What is it that makes a powerful faction in our body politic demand tight money even in a depressed, low-inflation economy?
On Thursday, the European Central Bank announced a series of new steps it was taking in an effort to boost Europe’s economy. There was a whiff of desperation about the announcement, which was reassuring. Europe, which is doing worse than it did in the 1930s, is clearly in the grip of a deflationary vortex, and it’s good to know that the central bank understands that. But its epiphany may have come too late. It’s far from clear that the measures now on the table will be strong enough to reverse the downward spiral.
And there but for the grace of Bernanke go we. Things in the United States are far from OK, but we seem (at least for now) to have steered clear of the kind of trap facing Europe. Why? One answer is that the Federal Reserve started doing the right thing years ago, buying trillions of dollars’ worth of bonds in order to avoid the situation its European counterpart now faces.
You can argue, and I would, that the Fed should have done even more. But Fed officials have faced fierce attacks all the way. Pundits, politicians and plutocrats have accused them, over and over again, of “debasing” the dollar, and warned that soaring inflation is just around the corner. The predicted surge in inflation has never arrived, but despite being wrong year after year, hardly any of the critics have admitted being wrong, or even changed their tune. And the question I’ve been trying to answer is why. What is it that makes a powerful faction in our body politic — call it the deflation caucus — demand tight money even in a depressed, low-inflation economy?
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One thing is clear: Like so much else these days, monetary policy has become very much a partisan issue. It’s not just that talk of dollar debasement comes pretty much exclusively from the right of the political spectrum; inflation paranoia has, to a remarkable extent, become a matter of conservative political correctness, so that even economists who should know better have joined in the chorus. So we can focus the question further: Why do people on the right hate monetary expansion, even when it’s desperately needed?
One answer is the power of truthiness — Stephen Colbert’s justly famed term for things that aren’t true but feel true to some people. “The Fed is printing money, printing money leads to inflation, and inflation is always a bad thing” is a triply untrue statement, but it feels true to a lot of people. And, yes, a tendency to prefer truthiness to more complicated truth is and pretty much always has been associated with political conservatism, and this tendency is especially strong in an era when leading politicians get their monetary theory from Ayn Rand novels.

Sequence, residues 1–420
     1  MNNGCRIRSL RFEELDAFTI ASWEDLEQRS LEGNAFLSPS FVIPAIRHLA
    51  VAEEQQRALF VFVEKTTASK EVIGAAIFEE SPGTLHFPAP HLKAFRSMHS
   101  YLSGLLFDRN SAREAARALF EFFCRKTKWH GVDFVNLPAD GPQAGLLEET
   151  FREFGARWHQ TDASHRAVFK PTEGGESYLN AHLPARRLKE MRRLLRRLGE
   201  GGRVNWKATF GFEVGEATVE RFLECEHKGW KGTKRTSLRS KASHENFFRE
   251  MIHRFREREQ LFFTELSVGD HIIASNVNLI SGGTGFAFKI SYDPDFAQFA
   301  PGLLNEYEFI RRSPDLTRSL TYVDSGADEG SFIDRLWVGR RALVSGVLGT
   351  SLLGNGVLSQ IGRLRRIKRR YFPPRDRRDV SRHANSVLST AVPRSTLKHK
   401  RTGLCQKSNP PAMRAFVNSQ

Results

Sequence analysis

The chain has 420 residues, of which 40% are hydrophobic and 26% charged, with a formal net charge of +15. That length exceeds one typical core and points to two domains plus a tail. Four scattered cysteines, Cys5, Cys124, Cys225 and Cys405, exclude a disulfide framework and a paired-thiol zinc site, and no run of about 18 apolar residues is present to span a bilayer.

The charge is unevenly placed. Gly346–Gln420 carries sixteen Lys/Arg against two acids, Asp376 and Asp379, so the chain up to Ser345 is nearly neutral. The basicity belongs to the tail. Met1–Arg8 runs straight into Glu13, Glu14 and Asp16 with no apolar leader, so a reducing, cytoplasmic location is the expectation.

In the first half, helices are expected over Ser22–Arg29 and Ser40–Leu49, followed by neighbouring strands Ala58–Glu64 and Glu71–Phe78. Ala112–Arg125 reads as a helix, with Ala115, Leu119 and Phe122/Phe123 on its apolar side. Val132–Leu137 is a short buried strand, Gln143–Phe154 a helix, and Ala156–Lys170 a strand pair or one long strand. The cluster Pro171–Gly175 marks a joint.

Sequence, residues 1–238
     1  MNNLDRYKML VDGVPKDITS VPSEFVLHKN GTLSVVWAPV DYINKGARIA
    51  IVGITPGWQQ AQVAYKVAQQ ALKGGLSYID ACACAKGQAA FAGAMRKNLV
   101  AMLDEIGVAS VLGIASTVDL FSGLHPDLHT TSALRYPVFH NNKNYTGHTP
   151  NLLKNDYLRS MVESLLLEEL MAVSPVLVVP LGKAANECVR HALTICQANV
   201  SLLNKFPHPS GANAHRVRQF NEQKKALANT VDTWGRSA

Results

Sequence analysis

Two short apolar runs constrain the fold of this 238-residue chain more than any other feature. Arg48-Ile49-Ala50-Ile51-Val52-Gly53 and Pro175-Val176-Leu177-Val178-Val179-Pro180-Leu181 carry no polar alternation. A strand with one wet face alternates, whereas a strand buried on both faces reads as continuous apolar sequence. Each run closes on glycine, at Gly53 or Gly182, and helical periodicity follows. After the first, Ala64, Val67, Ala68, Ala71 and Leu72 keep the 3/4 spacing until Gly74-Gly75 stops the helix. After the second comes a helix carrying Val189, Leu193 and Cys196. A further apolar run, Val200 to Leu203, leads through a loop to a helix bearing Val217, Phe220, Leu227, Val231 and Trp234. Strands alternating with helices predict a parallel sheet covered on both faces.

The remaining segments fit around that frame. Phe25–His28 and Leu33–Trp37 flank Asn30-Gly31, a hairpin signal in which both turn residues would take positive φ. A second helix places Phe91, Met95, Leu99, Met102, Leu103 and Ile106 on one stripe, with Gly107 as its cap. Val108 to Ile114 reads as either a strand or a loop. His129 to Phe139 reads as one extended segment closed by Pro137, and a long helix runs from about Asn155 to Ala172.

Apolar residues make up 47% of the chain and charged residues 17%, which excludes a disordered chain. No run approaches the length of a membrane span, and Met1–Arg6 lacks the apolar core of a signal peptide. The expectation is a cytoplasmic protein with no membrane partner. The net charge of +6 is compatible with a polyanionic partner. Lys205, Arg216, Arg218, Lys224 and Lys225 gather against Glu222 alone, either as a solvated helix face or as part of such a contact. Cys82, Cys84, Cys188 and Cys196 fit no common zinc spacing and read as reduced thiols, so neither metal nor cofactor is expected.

Another answer is class interest. Inflation helps debtors and hurts creditors, deflation does the reverse. And the wealthy are much more likely than workers and the poor to be creditors, to have money in the bank and bonds in their portfolio rather than mortgages and credit-card balances outstanding. Back in the Gilded Age, the elite mobilized en masse to defeat William Jennings Bryan, who threatened to take the United States off the gold standard; campaign spending as a percentage of GDP was far higher in 1896 than in any presidential election before or since. Are the wealthy similarly mobilized against easy-money policies today?
As far as I know, we don’t have rigorous evidence to that effect. There are certainly a lot of wealthy investors in the debasing-the-dollar crowd, but we don’t know for sure how representative they are — and you could argue that big investors should like the Fed’s expansionary policies, which have been very good for the stock market. But the wealthy may not trust that connection, in part because the inflationary ’70s were very bad for stocks. And we do know that the very wealthy are much more likely than the general public to consider budget deficits our biggest problem, even though fiscal austerity is probably bad for profits. So perceived class interest is probably also a key motivation for the deflation caucus.
A side note: Europe’s wealthy aren’t as wealthy or influential as their U.S. counterparts, but creditor interests are nonetheless even more powerful than they are here because creditor nations, Germany in particular, have ended up dictating policy for the whole of Europe.
And the important thing to understand is that the dominance of creditor interests on both sides of the Atlantic, supported by false but viscerally appealing economic doctrines, has had tragic consequences. Our economies have been dragged down by the woes of debtors, who have been forced to slash spending. To avoid a deep, prolonged slump, we needed policies to offset this drag. What we got instead was an obsession with the evils of budget deficits and paranoia over inflation — and a slump that has gone on and on.
Paul Krugman is a regular columnist for The New York Times.